In Nga UruoraEcology and History in a New Zealand Landscape (Chapter 3 – “The Riverbend”), Geoff Park tells the history of the riverine forests of Mokau, a river which flows from its source in the forest on the slopes of the Rangitoto Ranges, out to sea at the Taranaki Bight, just north of the boundary between Taranaki and Waikato [click here to view map]. Here is one of the very few places left in the North Island where coastal forest remains intact down to the sea.

This area has a long history of Maori occupation, and the forest at the river-bend (called Tauwhare) in particular had been preserved and regarded as tapu because it was a traditional burial ground (bones of the dead were buried in the forks of the trees) [click here to see location of the Tauwhare forest].* But with European settlement of the area, this carefully preserved riverine forest was also under threat. The coastal plain, and particularly the fertile river flats, was seen as prime land for pastoral farming, and it was almost regarded as sacrilege to leave it in forest.

However, just as this land was being eyed up for “improvement”, prominent Christchurch MP Harry Ell was agitating for the Scenery Preservation Bill. It was enacted in 1903, and the Scenery Preservation Commission set up to travel the country to identify areas of outstanding scenic beauty worthy of preservation. At the top of its agenda on its second meeting was the forest on the banks of the Mokau River. Nonetheless, the government’s plan to preserve Mokau’s forests for its scenic value, rather than allowing them to be converted to farmland, met with vociferous opposition, and, even as the Commission worked to progress the making of the Mokau forest reserve, a local timber company was busily taking out the best of the timber from the section of forest it had gained milling rights to.

Meanwhile, amendments needed to be made to the original Act empowering the government to take Maori land (including tapu or “wahi tapu” places). These were made in 1910, and in 1912, the forests of Tauwhare were vested in His Majesty the King “for scenic purposes”. Unfortunately, it was not clear to the Native Land Court who the Maori owners of the land were, and it appears compensation was never paid out.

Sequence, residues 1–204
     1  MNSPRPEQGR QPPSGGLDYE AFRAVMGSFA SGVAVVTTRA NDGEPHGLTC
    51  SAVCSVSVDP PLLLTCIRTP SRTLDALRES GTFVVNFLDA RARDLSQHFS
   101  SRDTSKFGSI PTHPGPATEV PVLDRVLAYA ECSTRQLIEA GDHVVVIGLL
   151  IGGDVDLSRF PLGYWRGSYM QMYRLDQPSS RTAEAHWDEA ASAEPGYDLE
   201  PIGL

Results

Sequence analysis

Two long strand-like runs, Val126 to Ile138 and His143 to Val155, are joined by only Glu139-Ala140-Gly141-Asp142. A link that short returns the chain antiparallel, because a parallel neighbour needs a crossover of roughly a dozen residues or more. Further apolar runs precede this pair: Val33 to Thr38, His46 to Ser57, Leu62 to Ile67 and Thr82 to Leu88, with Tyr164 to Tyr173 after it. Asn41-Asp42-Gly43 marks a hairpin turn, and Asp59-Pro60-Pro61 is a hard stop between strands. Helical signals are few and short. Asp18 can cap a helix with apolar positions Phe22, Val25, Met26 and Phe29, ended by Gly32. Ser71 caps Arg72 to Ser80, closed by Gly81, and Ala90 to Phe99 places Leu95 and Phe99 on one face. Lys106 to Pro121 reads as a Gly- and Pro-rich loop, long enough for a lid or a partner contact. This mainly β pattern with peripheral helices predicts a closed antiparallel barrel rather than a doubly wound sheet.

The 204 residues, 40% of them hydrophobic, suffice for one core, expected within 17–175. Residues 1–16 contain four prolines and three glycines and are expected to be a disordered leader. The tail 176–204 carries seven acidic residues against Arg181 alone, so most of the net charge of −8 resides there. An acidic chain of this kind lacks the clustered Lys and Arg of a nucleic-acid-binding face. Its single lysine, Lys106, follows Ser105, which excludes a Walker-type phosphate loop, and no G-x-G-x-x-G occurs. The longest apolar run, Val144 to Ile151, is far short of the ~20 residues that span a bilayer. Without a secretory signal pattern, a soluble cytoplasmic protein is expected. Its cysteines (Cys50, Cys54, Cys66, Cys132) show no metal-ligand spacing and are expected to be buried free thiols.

However, the controversy was far from over even with the Mokau River Scenic Reserves gazetted. Park explains how, with the end of the First World War, soldier settlers were balloted blocks of sandstone hill country to clear – this had much poorer soils than the plains, but was all that remained for allocation. Their disappointment turned to anger when they discovered that, while they had been allocated such inferior land, fertile riverflats had been preserved for scenic purposes. In February 1921, a furious delegation confronted the Minister of Lands, demanding the government revoke any reserve on land that could be brought into production. One settler had already had the reserve designation on his land lifted, and others wanted the same. However, the Commissioner of Crown Lands held firm.

Park completes this essay with this passage:

Certain landscapes demand an emotional response, a deeper, even moral reaction to the land…Suspended still in its ancient protection, remote now from the imperial quests that removed anything like it elsewhere [in New Zealand], Tauwhare is a last chance to acknowledge that the brief human time in these islands has included a greater sense of nature than is common today.

*Park recounts the strangely disturbing story of how the German missionary of the Wesleyan Church, who was stationed at Mokau during the 1840s, attempted to rid Tauwhare of its tapu, and the “pagan beliefs” associated with it, once and for all. With his Maori “converts” as audience, he built a fire under a massive kahikatea used for tree burials, and ignited it, in moments turning the once towering 800-year old giant into a smoldering lifeless skeleton (p.136). Park notes on his visit in the 1980s that the site where this fire took place is still obvious in the forest, the tell-tail sign being a “tight thicket of manuka” rather than the established forest of the surrounding area … “to the ecologist, a sure sign of disturbance”(p.119).

Painting top left: “Scene on the Mokau River” (1858), by Stephenson Percy Smith. Shows men paddling in a canoe and a group of men on the edge of the river. Percy Smith was a young surveyor in the 1950s, when he mapped Mokau. Not to be reproduced without permission from Alexander Turnbull Library, ID A-137-005. Photo above right: Harry Ell, who tirelessly campaigned to preserve areas of important natural heritage. Not to be reproduced without permission from Alexander Turnbull Library, PAColl-0838 C-079-102. Above left: Mokau River today. Mokau River Tours offer daily cruises on the river, on the M.V. Glenroyal. (Photo: Mokau River Tours).

Sources/further reading: Nga UruoraEcology and History in a New Zealand Landscape (1995), by Geoff Park; Our Islands, Our Selves (2004), by David Young, Scenery Preservation, NZ History.net.

For other posts drawn from Geoff Park’s book, Nga Uruora, see: The valley of disappointment; The slewing of our kahikatea forests: how Jurassic giants became butter boxes; The conquest of the “noble” forests of Waihou; From “swamps” to “wetlands”.